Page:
Are Traditional Lipid Markers Even Relevant for Keto Dieters?

Maybe, maybe not.

But be honest about it. You can’t oscillate between championing positive changes to blood lipids on a keto diet and pooh-poohing negative changes to blood lipids on a keto diet.

You can’t use positive changes to prove the efficacy and safety of the ketogenic diet, then turn around and claim that negative changes don’t count because keto dieters are understudied. What if those “positive” changes are actually negative in the context of a ketogenic metabolism? After all, keto dieters are largely understudied in both directions. If what’s unhealthy in a normal dieter might be healthy in a keto dieter, what’s healthy in a normal dieter may be unhealthy in a keto dieter.

I write these things as a strong proponent of spending a significant time in ketosis. As someone who frequently hangs out in a ketogenic state. As someone who wrote a book about keto and is writing another. But also as someone who insists on maintaining strict intellectual honesty and integrity.

We simply don’t know what very high cholesterol numbers mean in the subset of ketogenic dieters who experience them. I strongly suggest not being too flippant about them. 

True: There aren’t any perfect studies examining the utility of conventional cardiovascular risk factors in people eating the type of keto diets you see in the ancestral health space. Maybe your elevated LDL particle number doesn’t mean what it means in the average overweight adult eating the Standard American Diet. Maybe your inflammation is low enough that the risk of atherosclerosis and oxidative modification of LDL is low. But I wouldn’t take that risk, not until we have more data.

What do you think, folks? How did keto affect your blood lipids? Did you make any changes, and if so, did they work? Thanks for stopping in today.


Note: This information isn’t intended as and shouldn’t be considered medical advice. Always consult your doctor in the management or treatment of any health issue.


Hussain TA, Mathew TC, Dashti AA, Asfar S, Al-zaid N, Dashti HM. Effect of low-calorie versus low-carbohydrate ketogenic diet in type 2 diabetes. Nutrition. 2012;28(10):1016-21.

Phinney SD, Tang AB, Waggoner CR, Tezanos-pinto RG, Davis PA. The transient hypercholesterolemia of major weight loss. Am J Clin Nutr. 1991;53(6):1404-10.

Phinney SD, Bistrian BR, Wolfe RR, Blackburn GL. The human metabolic response to chronic ketosis without caloric restriction: physical and biochemical adaptation. Metab Clin Exp. 1983;32(8):757-68.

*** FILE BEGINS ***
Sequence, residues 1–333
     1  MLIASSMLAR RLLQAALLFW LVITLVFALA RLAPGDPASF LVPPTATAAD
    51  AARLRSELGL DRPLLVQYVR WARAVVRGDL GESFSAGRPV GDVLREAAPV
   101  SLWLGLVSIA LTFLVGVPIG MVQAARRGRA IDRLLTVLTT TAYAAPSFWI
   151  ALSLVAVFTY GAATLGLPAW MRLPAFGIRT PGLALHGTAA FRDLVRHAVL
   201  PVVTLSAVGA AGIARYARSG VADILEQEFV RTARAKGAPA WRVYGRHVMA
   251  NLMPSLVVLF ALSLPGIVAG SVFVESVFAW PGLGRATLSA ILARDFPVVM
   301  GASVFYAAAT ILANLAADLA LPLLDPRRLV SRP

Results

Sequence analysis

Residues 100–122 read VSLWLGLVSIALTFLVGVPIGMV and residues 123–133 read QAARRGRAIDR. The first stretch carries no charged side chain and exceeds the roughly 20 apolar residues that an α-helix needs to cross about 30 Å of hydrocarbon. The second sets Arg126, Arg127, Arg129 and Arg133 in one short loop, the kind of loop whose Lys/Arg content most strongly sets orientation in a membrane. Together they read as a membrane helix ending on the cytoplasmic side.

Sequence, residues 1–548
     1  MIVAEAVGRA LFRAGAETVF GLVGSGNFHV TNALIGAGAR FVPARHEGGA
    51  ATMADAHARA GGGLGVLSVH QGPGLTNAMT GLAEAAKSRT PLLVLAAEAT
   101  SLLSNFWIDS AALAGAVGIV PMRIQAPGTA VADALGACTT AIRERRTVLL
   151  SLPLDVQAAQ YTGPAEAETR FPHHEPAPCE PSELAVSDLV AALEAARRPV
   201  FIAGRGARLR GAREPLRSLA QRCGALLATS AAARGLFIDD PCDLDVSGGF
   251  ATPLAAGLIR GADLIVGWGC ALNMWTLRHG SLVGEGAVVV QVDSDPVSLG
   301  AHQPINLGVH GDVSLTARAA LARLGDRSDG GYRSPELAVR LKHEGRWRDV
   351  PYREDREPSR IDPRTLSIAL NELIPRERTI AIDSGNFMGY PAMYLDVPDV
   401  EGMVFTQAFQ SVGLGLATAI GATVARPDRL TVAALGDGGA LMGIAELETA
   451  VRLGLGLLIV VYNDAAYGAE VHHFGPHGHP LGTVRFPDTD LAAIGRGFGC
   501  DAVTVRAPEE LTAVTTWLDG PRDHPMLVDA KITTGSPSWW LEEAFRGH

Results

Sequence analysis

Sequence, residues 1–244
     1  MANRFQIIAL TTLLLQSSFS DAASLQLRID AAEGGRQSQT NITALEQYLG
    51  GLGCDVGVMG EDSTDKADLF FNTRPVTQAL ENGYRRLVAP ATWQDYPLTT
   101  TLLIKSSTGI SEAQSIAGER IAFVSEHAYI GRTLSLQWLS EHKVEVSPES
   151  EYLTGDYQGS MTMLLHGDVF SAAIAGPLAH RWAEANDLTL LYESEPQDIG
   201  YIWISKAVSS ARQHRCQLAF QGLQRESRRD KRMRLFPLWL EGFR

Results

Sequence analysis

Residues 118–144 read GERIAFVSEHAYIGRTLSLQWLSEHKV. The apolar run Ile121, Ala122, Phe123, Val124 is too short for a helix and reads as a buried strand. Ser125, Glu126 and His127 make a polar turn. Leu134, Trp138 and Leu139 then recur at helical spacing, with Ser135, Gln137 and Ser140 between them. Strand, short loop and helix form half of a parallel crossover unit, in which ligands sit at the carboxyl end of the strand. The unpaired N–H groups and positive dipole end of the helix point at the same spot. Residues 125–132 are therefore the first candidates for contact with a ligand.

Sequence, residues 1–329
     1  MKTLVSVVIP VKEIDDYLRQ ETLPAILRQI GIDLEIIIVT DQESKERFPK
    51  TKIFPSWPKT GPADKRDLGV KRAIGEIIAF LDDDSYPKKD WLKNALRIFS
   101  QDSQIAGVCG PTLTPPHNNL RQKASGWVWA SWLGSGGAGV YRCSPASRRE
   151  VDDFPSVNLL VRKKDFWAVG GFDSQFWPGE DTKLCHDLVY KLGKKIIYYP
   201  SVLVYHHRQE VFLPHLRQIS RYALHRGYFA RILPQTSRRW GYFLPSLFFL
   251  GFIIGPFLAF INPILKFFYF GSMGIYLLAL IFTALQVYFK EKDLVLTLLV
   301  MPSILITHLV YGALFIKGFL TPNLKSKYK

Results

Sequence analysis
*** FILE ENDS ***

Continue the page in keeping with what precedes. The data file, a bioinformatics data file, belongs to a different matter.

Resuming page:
Kleinveld HA, Naber AH, Stalenhoef AF, Demacker PN. Oxidation resistance, oxidation rate, and extent of oxidation of human low-density lipoprotein depend on the ratio of oleic acid content to linoleic acid content: studies in vitamin E deficient subjects. Free Radic Biol Med. 1993;15(3):273-80.

Rosqvist F, Smedman A, Lindmark-mĂĄnsson H, et al. Potential role of milk fat globule membrane in modulating plasma lipoproteins, gene expression, and cholesterol metabolism in humans: a randomized study. Am J Clin Nutr. 2015;102(1):20-30.

Raatz SK, Johnson LK, Rosenberger TA, Picklo MJ. Twice weekly intake of farmed Atlantic salmon (Salmo salar) positively influences lipoprotein concentration and particle size in overweight men and women. Nutr Res. 2016;36(9):899-906.

De luis D, Domingo JC, Izaola O, Casanueva FF, Bellido D, Sajoux I. Effect of DHA supplementation in a very low-calorie ketogenic diet in the treatment of obesity: a randomized clinical trial. Endocrine. 2016;54(1):111-122.

Pérez-guisado J, Muñoz-serrano A. A pilot study of the Spanish Ketogenic Mediterranean Diet: an effective therapy for the metabolic syndrome. J Med Food. 2011;14(7-8):681-7.

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from Mark's Daily Apple

10 & 2 Qs: Why is sodium so important for a low carb/keto diet?

If you’re on or have dabbled with a low-carb diet—paleo or ketogenic for example—you may have noticed some symptoms of what’s commonly called the ‘keto flu.’

What’s happening in your body to cause these effects when going low carb? How can you fix it? Is sodium the knight in shining armor? Is adding extra salt to your meals enough or do you need to supplement?

In that quick 10 and 2 video I’ll go over electrolytes and why sodium is SO important.